• Ability to withdraw • Ability to sidestep issues• Ability to leave things unresolved • Sense of timing
 
Accommodating:
The accommodating mode is low assertiveness and high cooperation.Times when the accommodating mode is appropriate are to show reasonableness, develop performance, create good will, or keep peace. Some people use the accommodating modewhen the issue or outcome is of low importance to them.The accommodating mode can be problematic when one uses the mode to “keep a tally”or to be a martyr. For example, if you keep a list of the number of times you haveaccommodated someone and then you expect that person to realize, without your communicating to the person, that she/he should now accommodate you.
Accommodating Skills
• Forgetting your desires • Selflessness• Ability to yield • Obeying orders
COMPROMISING
The compromising mode is moderate assertiveness and moderate cooperation. Some people define compromise as“giving up more than you want,” while others see compromise as both parties winning.Times when the compromising mode is appropriate are when you are dealing with issuesof moderate importance, when you have equal power status, or when you have a strongcommitment for resolution. Compromising mode can also be used as a temporarysolution when there are time constraints.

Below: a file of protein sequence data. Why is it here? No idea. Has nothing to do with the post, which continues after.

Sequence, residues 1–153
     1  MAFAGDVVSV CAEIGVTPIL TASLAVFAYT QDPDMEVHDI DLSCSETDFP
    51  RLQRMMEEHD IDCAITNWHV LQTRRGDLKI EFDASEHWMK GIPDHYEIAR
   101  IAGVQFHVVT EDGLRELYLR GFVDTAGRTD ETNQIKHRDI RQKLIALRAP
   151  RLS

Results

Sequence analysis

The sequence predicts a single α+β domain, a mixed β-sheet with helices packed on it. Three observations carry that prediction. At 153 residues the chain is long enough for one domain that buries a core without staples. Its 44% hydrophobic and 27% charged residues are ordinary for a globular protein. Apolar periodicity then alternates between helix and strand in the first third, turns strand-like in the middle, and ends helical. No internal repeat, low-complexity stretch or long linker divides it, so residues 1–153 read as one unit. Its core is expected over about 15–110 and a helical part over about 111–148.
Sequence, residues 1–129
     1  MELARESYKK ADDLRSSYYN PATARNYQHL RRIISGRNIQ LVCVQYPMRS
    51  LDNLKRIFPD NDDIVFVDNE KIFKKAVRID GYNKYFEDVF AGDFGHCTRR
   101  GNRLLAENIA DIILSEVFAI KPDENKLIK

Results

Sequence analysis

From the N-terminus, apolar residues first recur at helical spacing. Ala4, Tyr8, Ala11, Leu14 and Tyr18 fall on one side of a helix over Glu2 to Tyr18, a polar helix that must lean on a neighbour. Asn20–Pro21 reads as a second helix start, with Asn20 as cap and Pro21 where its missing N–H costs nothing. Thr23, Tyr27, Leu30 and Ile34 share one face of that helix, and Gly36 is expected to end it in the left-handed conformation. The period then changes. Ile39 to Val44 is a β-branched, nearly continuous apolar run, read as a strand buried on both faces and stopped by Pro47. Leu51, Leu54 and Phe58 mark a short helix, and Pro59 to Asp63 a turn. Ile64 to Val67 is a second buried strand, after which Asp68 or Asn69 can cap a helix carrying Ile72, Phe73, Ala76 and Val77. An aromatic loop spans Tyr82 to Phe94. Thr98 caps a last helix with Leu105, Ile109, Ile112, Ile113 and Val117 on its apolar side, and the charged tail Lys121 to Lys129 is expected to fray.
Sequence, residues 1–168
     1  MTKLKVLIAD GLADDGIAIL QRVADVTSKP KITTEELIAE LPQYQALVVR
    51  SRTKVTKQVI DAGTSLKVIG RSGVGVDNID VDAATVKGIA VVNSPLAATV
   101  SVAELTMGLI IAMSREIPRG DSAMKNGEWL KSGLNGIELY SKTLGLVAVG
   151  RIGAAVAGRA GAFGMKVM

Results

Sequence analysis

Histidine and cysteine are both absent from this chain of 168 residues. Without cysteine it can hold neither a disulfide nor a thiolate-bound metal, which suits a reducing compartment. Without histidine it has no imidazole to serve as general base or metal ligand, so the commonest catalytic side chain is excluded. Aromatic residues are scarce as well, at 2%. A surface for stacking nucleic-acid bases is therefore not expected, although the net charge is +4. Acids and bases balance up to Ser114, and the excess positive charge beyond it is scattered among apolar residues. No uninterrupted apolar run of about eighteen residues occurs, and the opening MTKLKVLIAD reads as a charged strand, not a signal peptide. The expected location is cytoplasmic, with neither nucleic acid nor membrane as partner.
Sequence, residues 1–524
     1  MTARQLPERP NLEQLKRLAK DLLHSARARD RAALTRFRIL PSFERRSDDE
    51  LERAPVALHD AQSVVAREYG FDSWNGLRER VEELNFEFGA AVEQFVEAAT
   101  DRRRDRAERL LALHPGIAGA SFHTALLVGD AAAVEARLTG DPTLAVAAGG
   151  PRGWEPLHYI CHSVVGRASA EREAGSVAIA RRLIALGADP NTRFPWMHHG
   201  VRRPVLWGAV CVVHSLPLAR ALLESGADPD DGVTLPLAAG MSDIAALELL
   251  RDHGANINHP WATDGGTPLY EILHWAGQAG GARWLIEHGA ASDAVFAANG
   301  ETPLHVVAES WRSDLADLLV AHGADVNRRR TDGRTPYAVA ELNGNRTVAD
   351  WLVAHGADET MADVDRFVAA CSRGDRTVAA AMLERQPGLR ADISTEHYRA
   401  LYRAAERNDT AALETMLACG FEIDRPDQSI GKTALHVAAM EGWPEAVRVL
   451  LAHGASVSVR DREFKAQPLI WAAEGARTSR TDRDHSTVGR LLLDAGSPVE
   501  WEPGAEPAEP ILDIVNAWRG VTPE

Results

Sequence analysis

Compromising SkillsNegotiating Finding a middle ground• Assessing value • Making concessions
COLLABORATING
The collaborating mode is high assertiveness and high cooperation. Collaboration has been described as “putting an idea on top of an idea on top of an idea…in order toachieve the best solution to a conflict.” The best solution is defined as a creative solutionto the conflict that would not have been generated by a single individual. With such a positive outcome for collaboration, some people will profess that the collaboration modeis always the best conflict mode to use. However, collaborating takes a great deal of timeand energy. Therefore, the collaborating mode should be used when the conflict warrantsthe time and energy. For example, if your team is establishing initial parameters for howto work effectively together, then using the collaborating mode could be quite useful. On the other hand, if your team is in conflict about where to go to lunchtoday, the time and energy necessary to collaboratively resolve the conflict is probablynot beneficial. Times when the collaborative mode is appropriate are when the conflict isimportant to the people who are constructing an integrative solution, when the issues aretoo important to compromise, when merging perspectives, when gainingCommitment, when improving relationships, or when learning.